The most interesting new entrant is Amazon Logistics which now has its own delivery operation of scale in the UK (delivering 28% of its own parcels), an acquired network in France (Colis Privé) and a growing locker network in the UK, France and now Germany.


We expect to see continued market growth with the rate for each country being largely a function of:
– Macroeconomic outlook, which is more positive for the next five years than the last five in all countries apart from the UK, where the shadow of Brexit looms
– Internet retail forecasts, which are for growth to continue but at a slower rate as home delivery inevitably becomes mainstream and hence mature.
– We expect the UK, given the large size of its B2C segment, and Poland, which is still catching up with western Europe, to continue to be the fastest-growing markets with Italy and, in particular, Spain performing better than in the past.
Nevertheless, there are risks to market growth such as faltering of the economic recovery as a result of Brexit or other factors, faster maturing of internet retail than we anticipate, the development of different channels for internet retail fulfilment and returns should parcel carriers not deliver the right last-mile experience and even, for certain products, 3D printing.
We expect to see a steady increase in market consolidation as the leading operators fill remaining geographical and capability gaps in their networks. In this environment, independent players who are not part of an international partnership may find that they face increasing challenges in retaining / winning customers.


UK C2X parcels market reaches 350m items in 2016

Parcels sent by consumers and micro-SMEs represent a growth area with nearly 350m sent in the UK in 2016, or about one per adult every two months.

The C2X segment includes parcels sent either personally to family and friends which we believe acccounts for about 120m parcels, after the sale of an item via eBay or other listings and hobby sites (130m items), or in order to return unwanted home shopping items (a further 90m).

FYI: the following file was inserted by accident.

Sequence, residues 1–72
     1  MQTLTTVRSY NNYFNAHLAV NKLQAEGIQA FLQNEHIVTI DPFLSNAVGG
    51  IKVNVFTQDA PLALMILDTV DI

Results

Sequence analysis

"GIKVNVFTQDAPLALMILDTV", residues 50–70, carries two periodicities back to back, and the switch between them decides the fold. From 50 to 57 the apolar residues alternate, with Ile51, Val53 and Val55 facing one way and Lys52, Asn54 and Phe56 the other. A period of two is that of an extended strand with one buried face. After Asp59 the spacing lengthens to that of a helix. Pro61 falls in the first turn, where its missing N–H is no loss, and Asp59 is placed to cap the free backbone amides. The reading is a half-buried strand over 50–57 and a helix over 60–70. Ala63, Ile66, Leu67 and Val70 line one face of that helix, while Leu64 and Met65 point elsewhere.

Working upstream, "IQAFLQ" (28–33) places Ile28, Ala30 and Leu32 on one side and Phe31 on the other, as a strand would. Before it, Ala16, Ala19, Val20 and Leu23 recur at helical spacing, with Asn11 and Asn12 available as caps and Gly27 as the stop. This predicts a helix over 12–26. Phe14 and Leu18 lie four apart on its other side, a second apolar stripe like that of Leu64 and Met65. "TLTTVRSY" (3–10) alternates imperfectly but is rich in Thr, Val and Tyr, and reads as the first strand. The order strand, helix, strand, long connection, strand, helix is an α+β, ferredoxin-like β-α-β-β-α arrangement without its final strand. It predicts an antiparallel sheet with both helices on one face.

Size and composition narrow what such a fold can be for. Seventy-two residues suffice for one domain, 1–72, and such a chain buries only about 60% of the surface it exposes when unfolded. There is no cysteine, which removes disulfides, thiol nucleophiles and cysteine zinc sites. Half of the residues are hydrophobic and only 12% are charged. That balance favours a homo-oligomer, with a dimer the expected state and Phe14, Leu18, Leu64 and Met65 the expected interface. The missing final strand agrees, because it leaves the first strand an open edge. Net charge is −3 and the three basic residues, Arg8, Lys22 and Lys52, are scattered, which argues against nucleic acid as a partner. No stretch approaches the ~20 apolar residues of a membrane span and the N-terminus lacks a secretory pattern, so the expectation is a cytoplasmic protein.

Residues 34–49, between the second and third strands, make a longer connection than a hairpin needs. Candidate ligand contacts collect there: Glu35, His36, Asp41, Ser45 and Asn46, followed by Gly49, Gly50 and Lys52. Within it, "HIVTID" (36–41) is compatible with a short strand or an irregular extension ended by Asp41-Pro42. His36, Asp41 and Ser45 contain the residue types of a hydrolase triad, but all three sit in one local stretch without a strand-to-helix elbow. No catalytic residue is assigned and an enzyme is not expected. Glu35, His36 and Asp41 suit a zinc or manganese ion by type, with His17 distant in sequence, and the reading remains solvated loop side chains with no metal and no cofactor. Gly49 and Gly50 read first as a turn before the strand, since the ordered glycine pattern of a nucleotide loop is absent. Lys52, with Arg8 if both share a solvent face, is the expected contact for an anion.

It is the subject of a new report: UK Consumer and Small Business Parcels Services (C2X): Market Insight Report 2016. The report sets out how we think the market has grown since 2011 and our forecasts to 2021. It is based on our research into the segment and its drivers, and our market model – updated in the light of trends such as slower growth at eBay and the increase in retailer-paid returns. We also explain how we expect market shares to trend and what we believe it is realistic for the Royal Mail to retain, given increased competition.

As well as reviewing the positioning of the Royal Mail in the segment we consider the range of newer providers. These include brokers, such as Parcel2Go and Parcel Monkey, and networks, such as Collect+, myHermes Parcel Shops and the locker network, InPost. Our detailed review of pricing by weight and service category confirms that, while Royal Mail continues to be competitive for smaller parcels, where its universal service delivery network enables it to be a low cost supplier, it is less so for larger items.

Key questions for different parties include the following.
– How much of the Royal Mail’s C2X volumes are smaller items for which it remains competitive versus larger items where others such as Hermes now have the advantage on price.
– How might the ending of the Royal Mail / Post Office exclusivity arrangement affect the market?
– Can networks such as Collect+ and InPost scale up to meet growing demand and to achieve the density required to be truly convenient?
– Can brokers such as Parcel2Go and Parcel Monkey add service attributes to help them reduce the risk of disintermediation by carriers going direct to small customers?
– Might other carriers follow the approach of Hermes in focusing on this segment to build a substantial share more quickly?

The report, which has been fully revised since the previous version last year, is available here: UK C2X Parcels Market Insight 2016


Global Postal Operators Benchmarking Report & Rankings

Apex Insight has just published a new report – Global Postal Operators 2016 – Benchmarking of Performance, Strategy and Diversification – along with its 2016 Post Office Rankings

The report benchmarks the postal operators in each of the top 20 global economies, plus Singapore. The operators covered are:
1. United States Postal Service (USPS)
2. China Post
3. Japan Post
4. Deutsche Post (Germany)
5. Royal Mail Group (UK)
6. La Poste (France)
7. India Post
8. Poste Italiane (Italy)
9. Brazil Post
10. Canada Post
11. Korea Post
12. Russia Post
13. Australia Post
14. Correos (Spain)
15. Correos de Mexico
16. Pos Indonesia
17. PostNL (Netherlands)
18. PTT Turkey
19. Swiss Post
20. PostNord (Sweden + Denmark)
21. Singapore Post

The 128-page report contains:
– The post office benchmarking study, which covers 36 different metrics grouped into the categories of Scale, Performance, Growth, International Diversification and Business Diversification, each accompanied by commentary and interpretation